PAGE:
Data & Research
 
* ELMI Occupation Profile - Mine Cutting and Channeling Machine Operators *
 
Mine Cutting and Channeling Machine Operators
(O*NET 47-5042.00, SOC 47-5042)
What they do
Operate machinery such as longwall shears, plows, and cutting machines to cut or channel along the face or seams of coal mines, stone quarries, or other mining surfaces to facilitate blasting, separating, or removing minerals or materials from mines or from the Earth's surface. Includes shale planers.
 
Also called:
Bore Miner Operator, Coal Miner, Longwall Shearer Operator, Miner Operator, Shear Operator, Shearer Operator, Underground Heavy Equipment Operator, Underground Miner
 
 
Wages
Wage rates not available for Vermont
but may be for the nation and other states at
CareerOneStop
 
Industries of Employment
United States - 2018
IndustryPercent of total
  • Mining (except oil and gas)
89%
  • Heavy and civil engineering construction
2%
More at BLS
 
Knowledge
People in this career often know a lot about:
  • Mechanical
    Knowledge of machines and tools, including their designs, uses, repair, and maintenance.
More at O*NET
 
Skills
People in this career often have these skills:
  • Operation Monitoring
    Watching gauges, dials, or other indicators to make sure a machine is working properly.
  • Critical Thinking
    Using logic and reasoning to identify the strengths and weaknesses of alternative solutions, conclusions or approaches to problems.
  • Active Listening
    Giving full attention to what other people are saying, taking time to understand the points being made, asking questions as appropriate, and not interrupting at inappropriate times.
  • Operation and Control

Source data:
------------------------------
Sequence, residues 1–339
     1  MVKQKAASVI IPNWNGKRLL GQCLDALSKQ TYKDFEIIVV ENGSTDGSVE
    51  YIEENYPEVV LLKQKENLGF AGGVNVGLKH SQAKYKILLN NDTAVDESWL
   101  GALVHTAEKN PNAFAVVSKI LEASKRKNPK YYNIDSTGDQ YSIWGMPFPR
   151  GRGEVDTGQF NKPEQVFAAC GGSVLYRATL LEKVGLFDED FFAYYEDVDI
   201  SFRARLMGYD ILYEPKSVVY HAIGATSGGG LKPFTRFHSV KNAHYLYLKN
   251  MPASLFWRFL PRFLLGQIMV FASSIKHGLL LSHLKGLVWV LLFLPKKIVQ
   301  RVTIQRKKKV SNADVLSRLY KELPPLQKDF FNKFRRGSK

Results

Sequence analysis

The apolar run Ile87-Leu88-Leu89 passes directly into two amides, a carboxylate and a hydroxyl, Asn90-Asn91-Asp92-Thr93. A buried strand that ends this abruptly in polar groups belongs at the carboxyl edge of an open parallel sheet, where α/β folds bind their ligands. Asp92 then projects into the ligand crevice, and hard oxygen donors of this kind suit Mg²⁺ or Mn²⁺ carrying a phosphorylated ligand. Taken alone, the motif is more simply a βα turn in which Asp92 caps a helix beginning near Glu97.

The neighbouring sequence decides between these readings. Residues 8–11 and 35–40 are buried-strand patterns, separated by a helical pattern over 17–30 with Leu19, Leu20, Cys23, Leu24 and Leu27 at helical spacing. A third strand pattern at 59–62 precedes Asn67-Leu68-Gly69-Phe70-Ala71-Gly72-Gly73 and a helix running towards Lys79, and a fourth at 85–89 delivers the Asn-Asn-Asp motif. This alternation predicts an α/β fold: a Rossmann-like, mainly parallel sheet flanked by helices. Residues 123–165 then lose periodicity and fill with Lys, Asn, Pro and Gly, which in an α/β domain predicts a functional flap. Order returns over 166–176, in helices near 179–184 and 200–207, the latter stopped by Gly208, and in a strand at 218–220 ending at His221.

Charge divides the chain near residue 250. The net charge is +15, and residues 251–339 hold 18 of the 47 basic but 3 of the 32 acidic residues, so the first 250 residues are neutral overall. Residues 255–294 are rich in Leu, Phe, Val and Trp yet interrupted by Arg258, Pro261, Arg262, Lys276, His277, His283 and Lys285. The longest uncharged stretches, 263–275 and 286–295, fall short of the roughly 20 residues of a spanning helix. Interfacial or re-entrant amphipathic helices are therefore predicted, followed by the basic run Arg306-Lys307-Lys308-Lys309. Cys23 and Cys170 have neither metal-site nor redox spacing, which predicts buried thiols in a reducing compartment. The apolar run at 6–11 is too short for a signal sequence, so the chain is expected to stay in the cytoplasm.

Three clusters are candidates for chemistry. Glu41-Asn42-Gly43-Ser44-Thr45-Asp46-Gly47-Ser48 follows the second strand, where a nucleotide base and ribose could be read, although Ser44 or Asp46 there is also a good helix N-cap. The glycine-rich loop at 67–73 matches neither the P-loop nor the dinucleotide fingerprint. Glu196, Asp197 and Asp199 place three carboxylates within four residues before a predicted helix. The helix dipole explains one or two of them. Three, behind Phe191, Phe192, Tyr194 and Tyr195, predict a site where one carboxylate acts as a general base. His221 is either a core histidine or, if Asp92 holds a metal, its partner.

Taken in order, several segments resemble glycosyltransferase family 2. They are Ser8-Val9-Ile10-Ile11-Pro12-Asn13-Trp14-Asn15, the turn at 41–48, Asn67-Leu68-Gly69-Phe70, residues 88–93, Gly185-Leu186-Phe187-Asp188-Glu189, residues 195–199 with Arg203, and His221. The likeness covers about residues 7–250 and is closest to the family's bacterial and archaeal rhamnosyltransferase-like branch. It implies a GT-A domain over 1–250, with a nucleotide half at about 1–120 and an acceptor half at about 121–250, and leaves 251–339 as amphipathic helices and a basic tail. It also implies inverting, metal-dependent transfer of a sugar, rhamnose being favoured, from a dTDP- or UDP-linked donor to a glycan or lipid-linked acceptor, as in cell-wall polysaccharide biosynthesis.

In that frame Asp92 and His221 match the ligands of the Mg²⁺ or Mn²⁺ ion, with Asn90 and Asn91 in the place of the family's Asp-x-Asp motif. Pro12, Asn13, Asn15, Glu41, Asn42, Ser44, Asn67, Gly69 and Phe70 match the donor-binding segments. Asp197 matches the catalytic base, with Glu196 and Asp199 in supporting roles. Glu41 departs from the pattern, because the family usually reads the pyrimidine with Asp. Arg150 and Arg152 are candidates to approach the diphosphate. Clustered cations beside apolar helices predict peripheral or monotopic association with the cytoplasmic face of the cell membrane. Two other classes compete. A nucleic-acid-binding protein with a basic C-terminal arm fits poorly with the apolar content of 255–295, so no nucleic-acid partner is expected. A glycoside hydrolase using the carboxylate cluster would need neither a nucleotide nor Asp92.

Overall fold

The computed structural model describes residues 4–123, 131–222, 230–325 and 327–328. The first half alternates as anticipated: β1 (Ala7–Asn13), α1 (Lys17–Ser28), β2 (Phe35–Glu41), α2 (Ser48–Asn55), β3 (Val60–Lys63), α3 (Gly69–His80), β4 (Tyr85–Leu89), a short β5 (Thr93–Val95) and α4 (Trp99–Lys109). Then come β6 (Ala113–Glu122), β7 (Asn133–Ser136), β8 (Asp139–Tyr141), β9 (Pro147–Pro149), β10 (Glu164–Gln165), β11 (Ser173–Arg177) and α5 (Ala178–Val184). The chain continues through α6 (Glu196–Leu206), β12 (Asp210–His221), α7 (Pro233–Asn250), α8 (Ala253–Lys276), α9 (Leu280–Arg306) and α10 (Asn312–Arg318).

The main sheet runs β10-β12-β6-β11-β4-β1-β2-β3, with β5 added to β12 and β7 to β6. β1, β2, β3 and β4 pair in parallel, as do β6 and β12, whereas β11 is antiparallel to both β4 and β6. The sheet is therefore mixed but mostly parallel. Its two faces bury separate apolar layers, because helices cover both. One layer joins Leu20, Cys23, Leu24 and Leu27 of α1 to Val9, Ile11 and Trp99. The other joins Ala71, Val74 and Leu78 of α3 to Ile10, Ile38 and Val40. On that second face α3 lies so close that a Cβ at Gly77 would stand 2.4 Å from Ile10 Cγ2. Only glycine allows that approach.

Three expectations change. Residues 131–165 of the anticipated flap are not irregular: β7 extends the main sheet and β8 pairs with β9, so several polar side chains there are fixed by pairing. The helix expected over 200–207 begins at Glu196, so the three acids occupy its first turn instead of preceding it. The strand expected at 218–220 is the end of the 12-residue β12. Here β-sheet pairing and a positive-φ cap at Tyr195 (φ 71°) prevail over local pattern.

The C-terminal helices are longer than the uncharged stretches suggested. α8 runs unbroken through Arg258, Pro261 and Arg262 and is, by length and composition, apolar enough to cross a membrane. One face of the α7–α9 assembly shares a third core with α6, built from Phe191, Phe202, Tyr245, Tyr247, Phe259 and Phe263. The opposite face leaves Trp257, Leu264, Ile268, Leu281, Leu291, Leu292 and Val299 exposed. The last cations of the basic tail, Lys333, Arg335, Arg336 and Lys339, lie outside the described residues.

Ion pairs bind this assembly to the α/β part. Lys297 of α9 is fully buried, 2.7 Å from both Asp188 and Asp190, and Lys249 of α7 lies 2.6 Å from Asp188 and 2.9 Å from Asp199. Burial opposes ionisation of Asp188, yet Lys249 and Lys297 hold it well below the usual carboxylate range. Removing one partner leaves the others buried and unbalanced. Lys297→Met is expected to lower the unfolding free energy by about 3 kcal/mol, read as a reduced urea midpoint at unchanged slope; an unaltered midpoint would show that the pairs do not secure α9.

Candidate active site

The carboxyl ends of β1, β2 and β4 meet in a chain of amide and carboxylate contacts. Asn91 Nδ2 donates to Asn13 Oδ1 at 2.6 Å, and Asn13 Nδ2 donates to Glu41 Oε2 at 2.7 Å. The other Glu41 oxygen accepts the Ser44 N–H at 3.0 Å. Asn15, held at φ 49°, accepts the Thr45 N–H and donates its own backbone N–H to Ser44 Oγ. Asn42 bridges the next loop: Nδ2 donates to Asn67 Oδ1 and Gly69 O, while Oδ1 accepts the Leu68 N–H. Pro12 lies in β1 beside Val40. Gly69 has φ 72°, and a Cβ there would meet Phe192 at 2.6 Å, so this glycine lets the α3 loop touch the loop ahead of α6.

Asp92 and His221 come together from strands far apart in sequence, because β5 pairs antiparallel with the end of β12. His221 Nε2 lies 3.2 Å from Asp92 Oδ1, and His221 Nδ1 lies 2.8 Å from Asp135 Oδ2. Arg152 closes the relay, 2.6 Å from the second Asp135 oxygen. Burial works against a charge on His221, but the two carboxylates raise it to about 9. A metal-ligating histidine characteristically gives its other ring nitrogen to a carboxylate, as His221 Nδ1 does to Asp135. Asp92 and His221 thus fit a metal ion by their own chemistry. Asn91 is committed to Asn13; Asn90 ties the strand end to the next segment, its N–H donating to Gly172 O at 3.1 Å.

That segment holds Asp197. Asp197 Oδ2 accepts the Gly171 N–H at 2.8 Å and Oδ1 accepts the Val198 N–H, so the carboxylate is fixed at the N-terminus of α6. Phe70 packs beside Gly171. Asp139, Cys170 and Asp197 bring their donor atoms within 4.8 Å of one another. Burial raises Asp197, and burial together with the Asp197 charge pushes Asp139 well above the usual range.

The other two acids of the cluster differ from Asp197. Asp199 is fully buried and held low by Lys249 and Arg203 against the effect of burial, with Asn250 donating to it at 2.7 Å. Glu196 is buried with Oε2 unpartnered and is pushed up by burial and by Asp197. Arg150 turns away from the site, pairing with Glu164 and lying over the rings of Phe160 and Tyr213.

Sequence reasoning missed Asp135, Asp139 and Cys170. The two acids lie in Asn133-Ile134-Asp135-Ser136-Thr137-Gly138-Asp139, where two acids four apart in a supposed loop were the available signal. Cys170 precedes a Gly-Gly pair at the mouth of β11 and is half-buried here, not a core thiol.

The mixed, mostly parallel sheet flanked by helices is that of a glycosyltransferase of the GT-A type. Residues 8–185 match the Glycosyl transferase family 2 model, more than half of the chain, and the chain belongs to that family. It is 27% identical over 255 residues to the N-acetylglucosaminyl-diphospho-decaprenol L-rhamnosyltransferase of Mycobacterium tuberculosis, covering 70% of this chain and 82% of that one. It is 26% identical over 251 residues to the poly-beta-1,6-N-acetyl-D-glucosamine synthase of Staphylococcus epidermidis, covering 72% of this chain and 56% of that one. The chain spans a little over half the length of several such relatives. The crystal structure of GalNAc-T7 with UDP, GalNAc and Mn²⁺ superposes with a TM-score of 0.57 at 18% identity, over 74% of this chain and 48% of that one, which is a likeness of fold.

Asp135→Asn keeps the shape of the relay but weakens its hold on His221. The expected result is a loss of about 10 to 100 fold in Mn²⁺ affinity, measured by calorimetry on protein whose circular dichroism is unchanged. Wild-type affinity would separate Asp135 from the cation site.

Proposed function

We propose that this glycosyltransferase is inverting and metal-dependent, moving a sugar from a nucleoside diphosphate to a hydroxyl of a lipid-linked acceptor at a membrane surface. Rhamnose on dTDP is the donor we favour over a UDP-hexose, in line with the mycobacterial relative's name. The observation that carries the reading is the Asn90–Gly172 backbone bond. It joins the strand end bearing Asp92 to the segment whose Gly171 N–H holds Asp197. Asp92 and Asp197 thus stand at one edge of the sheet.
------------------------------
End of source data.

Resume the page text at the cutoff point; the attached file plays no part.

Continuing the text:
Controlling operations of equipment or systems.
  • Monitoring
    Monitoring/Assessing performance of yourself, other individuals, or organizations to make improvements or take corrective action.
More at O*NET
 
Interests
People in this career often prefer these work environments:
  • Realistic
    Realistic occupations frequently involve work activities that include practical, hands-on problems and solutions. They often deal with plants, animals, and real-world materials like wood, tools, and machinery. Many of the occupations require working outside, and do not involve a lot of paperwork or working closely with others.
What are your interests? Take the O*NET Interest Profiler
 
Work Styles
People in this career will do well at jobs that need:
  • Dependability
    Job requires being reliable, responsible, and dependable, and fulfilling obligations.
  • Initiative
    Job requires a willingness to take on responsibilities and challenges.
  • Self Control
    Job requires maintaining composure, keeping emotions in check, controlling anger, and avoiding aggressive behavior, even in very difficult situations.
  • Cooperation
    Job requires being pleasant with others on the job and displaying a good-natured, cooperative attitude.
  • Attention to Detail
    Job requires being careful about detail and thorough in completing work tasks.
More at O*NET
 
Other Resources
  • CareerOneStop
    resource for job seekers, students, businessess and career professionals
  • O*NET Online
    nation's primary source of occupational information
 
Related Occupations
More at O*NET
 
 
Projected Employment
Projected employment not available for Vermont
but may be for the nation and other states at
CareerOneStop
 
Education and Experience:
  • Typical education needed for entry
    High school diploma or equivalent
  • Work experience in a related occupation
    None
  • Typical on-the-job training needed to attain competency
    Moderate-term on-the-job training
Based on BLS Education and Training Classifications
 
Job Zone
Some Preparation Needed